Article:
Cloudy skies and not-so high temperature don’t mean that you will be complacent in using sun protection. It may sound crazy that a lot of people take for granted the claim completely and consider it as a myth. It is no secret that even on cloudy days, one can still get sunburns; however, is there a scientific explanation that will back the idea of UV rays being stronger during cloudy days? Let our Calgary optometrists help explain.
What are UV Rays?
UV rays or ultraviolet light is an electromagnetic radiation, which has a shorter wavelength compared to the light we see every day. It’s the same with gamma rays, microwaves, and x-rays where it’s not visible to our eyes. It is a light that we can’t see.
The sun is the most known source of UV light; electrical arc emission is created by the specific source of light such as black lights. Ultraviolet light can result in chemical reactions which cause for specific substances to glow or shine.
The sun’s natural occurring ultraviolet light comes in two various types; UV-A which is very common and UV-B considered as the most powerful. Although each type has a part in eye damage and skin cancer, UV-B is responsible for the production of vitamin D and is responsible for those awful sunburns.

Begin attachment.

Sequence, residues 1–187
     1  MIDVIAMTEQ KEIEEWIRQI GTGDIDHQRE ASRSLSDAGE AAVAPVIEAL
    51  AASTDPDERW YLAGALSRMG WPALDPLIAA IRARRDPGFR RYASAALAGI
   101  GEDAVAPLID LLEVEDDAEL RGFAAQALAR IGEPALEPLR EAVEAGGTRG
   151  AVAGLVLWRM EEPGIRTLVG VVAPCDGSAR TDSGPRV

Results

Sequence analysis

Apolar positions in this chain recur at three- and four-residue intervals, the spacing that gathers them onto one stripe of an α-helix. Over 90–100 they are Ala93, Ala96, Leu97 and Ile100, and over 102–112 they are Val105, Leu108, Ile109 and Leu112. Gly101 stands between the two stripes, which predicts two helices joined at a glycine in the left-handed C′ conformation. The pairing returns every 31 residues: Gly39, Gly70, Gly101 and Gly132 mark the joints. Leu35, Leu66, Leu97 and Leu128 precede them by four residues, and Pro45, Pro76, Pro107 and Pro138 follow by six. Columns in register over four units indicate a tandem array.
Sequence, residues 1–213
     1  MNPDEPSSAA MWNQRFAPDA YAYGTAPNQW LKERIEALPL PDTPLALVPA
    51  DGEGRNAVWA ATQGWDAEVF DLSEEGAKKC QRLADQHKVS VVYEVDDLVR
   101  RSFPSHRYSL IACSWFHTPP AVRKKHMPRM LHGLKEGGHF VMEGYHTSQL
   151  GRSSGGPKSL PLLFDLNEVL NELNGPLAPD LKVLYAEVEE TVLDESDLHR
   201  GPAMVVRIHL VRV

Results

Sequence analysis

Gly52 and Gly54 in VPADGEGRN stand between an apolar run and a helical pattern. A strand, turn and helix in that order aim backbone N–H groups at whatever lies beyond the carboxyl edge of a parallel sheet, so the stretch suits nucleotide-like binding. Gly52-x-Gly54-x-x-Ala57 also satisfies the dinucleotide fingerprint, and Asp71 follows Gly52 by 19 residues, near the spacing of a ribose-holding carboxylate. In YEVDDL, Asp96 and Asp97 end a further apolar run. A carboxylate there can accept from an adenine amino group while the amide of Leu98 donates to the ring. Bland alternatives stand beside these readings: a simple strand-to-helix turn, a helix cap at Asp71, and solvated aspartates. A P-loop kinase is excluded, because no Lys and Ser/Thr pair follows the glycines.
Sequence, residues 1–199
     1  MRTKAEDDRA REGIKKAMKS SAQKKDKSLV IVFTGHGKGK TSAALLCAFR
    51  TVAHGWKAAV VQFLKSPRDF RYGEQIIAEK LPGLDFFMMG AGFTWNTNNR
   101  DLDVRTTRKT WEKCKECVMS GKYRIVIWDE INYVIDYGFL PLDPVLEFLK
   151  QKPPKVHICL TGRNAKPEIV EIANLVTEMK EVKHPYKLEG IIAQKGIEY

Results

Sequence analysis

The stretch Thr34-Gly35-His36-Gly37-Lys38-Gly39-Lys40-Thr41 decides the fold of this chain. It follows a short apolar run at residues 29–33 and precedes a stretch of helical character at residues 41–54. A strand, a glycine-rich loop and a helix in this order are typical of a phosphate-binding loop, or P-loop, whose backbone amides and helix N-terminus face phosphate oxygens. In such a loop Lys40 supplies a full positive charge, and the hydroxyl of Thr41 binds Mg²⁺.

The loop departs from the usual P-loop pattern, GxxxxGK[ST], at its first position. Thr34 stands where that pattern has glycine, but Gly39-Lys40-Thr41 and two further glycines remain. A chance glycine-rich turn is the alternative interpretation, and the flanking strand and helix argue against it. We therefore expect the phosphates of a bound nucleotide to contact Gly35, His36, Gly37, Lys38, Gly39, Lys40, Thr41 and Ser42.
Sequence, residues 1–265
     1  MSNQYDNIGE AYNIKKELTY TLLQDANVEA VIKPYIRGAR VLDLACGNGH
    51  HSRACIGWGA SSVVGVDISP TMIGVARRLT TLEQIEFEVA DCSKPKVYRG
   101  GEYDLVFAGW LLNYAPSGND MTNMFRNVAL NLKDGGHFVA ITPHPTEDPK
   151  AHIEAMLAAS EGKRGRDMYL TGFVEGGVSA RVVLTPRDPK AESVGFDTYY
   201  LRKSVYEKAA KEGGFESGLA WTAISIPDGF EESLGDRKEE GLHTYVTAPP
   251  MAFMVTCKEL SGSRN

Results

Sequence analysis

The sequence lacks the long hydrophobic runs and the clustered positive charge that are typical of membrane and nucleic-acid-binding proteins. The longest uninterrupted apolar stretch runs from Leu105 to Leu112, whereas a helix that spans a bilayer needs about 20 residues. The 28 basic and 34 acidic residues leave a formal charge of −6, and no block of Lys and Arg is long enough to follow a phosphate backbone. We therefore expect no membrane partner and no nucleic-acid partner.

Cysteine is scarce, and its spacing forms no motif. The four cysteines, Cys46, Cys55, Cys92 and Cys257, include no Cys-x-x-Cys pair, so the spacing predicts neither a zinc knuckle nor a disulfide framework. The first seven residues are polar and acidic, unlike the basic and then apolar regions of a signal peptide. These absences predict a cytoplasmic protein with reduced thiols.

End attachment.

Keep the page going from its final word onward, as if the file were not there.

The level of ultraviolet light in international scale ranges from 1 to 20 and determines the amount of UV radiation that reaches the surface of the earth. A UV level of 3 or above is deliberated as high enough to result in skin damage. There is UV weather forecast that bases the level of UV on a clear day, not considering rain, pollution or clouds. It provides you information of the maximum level of UV rays expected for that day which typically happens at noon.
How many sunscreens do you need?
A lot of people do not use sufficient sunscreen, which applies only ¼ to ½ of the amount recommended. The recommended amount for an adult is one ounce of sunscreen to protect exposed areas – one ounce is equivalent to one shot glass. The amount also depends on the body size of an individual.
Always bear in mind to apply sunscreen on areas of the body that are exposed like ears, arms, hands, and face. Ideally, it should be applied 15 to 30 minutes before you go outside. Lips should also be protected by using a lip balm with 30 SPF level at the minimum. To make sure that there is sufficient protection; sunscreen must also be reapplied every 2 hours or after swimming.
These recommendations by Dr. Alex Wilson & Associates must be followed the whole year round, regardless of the weather. Skin protections don’t only make you appear much younger but will defend you from getting skin cancer.